Verizon stops taking iPhone pre-orders after setting unspecified 'record'
Verizon stopped taking pre-orders for its version of the iPhone 4 at 8:10 last night--and it clocked so many that it hasn't finished counting them.
That's one way to read this morning's press release, in which the carrier uses a variety of phrases--"record sales," "the most successful first day sales in the history of the company," "unprecedented customer orders"--without actually giving a number of iPhones sold.
There is a bit of a precedent for this. Amazon has yet to say how many Kindles it's sold in the more than three years since its first e-book reader debuted; its latest press release on the subject did not feature a number more specific than "millions."
By way of context, when the iPhone 4 debuted last June, Apple said the company and all the carriers selling that device worldwide took in 600,000 orders on the first day.
Verizon's most successful phone launch before the iPhone was probably the Motorola Droid; one research firm estimated that Verizon sold 250,000 units of that Android-based smartphone in its first week.
So maybe we're looking at 500,000 pre-orders, to cite one recent prediction?
Whatever the figure, it will certainly increase once Verizon and Apple start selling the Verizon flavor of the iPhone to new customers on Feb. 10. (In other words: No, the Verizon iPhone hasn't sold out.) I'd like to think that after three years of Apple selling smartphones, people have learned from experience and won't queue up before dawn to buy the latest model on its first day on sale--but I'm afraid that's exactly what we'll see next Thursday.
(Online sales start at 3:01 a.m. on Feb. 9, if you simply can't wait.)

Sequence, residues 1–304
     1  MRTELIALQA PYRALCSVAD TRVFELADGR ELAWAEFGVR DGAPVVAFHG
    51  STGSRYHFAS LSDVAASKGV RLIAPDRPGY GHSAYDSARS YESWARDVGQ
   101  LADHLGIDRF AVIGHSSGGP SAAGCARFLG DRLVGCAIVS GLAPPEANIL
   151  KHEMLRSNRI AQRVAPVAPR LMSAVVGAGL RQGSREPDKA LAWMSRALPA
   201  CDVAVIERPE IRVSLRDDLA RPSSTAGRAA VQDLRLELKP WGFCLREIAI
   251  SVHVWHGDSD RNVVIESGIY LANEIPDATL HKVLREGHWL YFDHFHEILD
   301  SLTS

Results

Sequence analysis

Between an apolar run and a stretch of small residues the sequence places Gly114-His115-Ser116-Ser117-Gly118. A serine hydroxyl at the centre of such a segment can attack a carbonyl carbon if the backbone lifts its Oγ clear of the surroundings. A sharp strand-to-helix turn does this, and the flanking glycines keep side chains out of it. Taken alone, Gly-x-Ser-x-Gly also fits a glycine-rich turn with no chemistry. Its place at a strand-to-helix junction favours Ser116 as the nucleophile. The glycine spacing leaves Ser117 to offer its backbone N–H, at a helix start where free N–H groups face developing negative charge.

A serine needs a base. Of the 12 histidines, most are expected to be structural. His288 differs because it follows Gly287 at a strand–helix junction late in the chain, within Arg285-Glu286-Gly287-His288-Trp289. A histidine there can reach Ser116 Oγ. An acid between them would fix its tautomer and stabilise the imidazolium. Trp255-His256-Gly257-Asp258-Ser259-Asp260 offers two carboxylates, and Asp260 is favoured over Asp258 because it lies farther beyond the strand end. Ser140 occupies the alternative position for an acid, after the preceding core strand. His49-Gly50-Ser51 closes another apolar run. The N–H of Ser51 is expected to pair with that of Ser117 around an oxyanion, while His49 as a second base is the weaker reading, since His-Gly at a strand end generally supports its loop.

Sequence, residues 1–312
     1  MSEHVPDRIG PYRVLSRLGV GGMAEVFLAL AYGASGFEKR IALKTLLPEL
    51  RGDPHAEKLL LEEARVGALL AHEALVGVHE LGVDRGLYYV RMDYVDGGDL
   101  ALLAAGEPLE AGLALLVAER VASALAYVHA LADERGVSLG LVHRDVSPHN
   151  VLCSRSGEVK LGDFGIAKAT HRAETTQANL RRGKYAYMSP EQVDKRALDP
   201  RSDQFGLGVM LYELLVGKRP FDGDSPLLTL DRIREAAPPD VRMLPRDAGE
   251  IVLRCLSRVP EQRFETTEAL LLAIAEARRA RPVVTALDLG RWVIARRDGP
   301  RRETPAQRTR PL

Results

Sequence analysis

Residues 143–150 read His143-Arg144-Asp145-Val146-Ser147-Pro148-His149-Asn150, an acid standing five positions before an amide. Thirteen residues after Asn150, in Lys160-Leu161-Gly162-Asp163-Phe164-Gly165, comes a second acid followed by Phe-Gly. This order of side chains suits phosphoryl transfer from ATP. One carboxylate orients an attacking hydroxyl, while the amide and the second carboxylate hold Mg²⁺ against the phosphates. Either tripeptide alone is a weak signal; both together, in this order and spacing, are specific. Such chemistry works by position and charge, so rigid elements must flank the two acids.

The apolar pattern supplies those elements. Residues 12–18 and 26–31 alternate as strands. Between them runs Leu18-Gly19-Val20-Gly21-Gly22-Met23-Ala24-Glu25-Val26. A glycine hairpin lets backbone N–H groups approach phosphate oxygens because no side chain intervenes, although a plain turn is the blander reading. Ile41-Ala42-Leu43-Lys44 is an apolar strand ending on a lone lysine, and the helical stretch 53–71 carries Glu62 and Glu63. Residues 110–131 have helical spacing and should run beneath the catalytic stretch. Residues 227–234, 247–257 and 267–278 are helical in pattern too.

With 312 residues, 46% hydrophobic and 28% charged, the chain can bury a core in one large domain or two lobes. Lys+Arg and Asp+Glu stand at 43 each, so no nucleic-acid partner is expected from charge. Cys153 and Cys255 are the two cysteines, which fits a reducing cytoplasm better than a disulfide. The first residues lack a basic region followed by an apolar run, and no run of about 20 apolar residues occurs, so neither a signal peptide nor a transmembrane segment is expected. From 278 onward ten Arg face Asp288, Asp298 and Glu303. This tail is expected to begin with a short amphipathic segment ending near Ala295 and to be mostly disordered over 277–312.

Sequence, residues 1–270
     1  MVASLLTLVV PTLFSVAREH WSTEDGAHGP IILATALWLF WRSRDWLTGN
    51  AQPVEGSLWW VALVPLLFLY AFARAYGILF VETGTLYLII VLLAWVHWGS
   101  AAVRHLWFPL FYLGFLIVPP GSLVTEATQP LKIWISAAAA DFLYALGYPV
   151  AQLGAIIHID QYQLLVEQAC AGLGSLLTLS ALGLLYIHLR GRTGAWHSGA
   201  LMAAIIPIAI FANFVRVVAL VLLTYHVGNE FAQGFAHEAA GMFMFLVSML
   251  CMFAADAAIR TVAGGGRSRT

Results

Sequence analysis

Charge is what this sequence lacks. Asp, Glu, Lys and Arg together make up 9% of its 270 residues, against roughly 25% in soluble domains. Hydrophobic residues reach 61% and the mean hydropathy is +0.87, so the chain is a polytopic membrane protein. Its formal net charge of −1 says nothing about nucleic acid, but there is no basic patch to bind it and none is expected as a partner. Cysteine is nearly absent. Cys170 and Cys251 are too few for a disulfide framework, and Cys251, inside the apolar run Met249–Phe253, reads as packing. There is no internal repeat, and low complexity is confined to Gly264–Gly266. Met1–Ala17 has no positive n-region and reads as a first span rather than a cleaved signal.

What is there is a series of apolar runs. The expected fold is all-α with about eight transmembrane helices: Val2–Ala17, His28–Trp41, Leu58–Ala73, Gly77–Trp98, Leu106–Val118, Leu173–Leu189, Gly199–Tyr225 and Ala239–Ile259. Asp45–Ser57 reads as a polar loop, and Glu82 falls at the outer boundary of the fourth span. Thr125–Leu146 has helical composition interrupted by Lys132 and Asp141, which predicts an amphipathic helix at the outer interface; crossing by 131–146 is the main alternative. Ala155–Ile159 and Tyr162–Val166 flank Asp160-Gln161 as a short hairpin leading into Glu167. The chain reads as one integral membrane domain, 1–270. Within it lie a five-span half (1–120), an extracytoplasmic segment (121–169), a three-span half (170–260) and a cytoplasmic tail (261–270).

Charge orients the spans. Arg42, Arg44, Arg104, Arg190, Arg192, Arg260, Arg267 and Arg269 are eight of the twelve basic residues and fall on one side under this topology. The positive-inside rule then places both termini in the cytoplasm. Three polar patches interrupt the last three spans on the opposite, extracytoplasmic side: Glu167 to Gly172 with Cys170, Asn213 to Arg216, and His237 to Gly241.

Equally predictable: We will be hearing from upset Verizon customers who can't buy this thing at the new-or-renewing price of $199.99 for its 16-gigabyte version and $299.99 for the 32 GB model. Verizon can blame itself for some confusion here--it just changed its policy but hasn't documented this anywhere I could find on its site, leaving news reports as the best reference. But in any case: You'll need to be 20 months into an existing contract to get that most-favored-customer price. Otherwise, you'd pay $649.99 for a 16 GB iPhone or $749.99 for its 32 GB edition.
That's about average for the big wireless carriers. AT&T lets customers on its most expensive plans trade up at the new-customer price 13 months in; most smartphone users will have to wait until 18 months have gone by, while users on its cheapest voice-data bundles don't get that discount until 21 months. Sprint makes subscribers wait until they're 22 months into a two-year deal to get a full discount, although smaller price breaks become available 12 months in. T-Mobile mirrors Sprint's policy.
You don't have to like those rules, but you also can't do much about them. On the other hand, it won't kill you to stick with an older device for another few months. Because even the Verizon iPhone is still just a phone. Right?
| February 4, 2011; 9:16 AM ET
Categories: Mobile, Telecom, The business we have chosen
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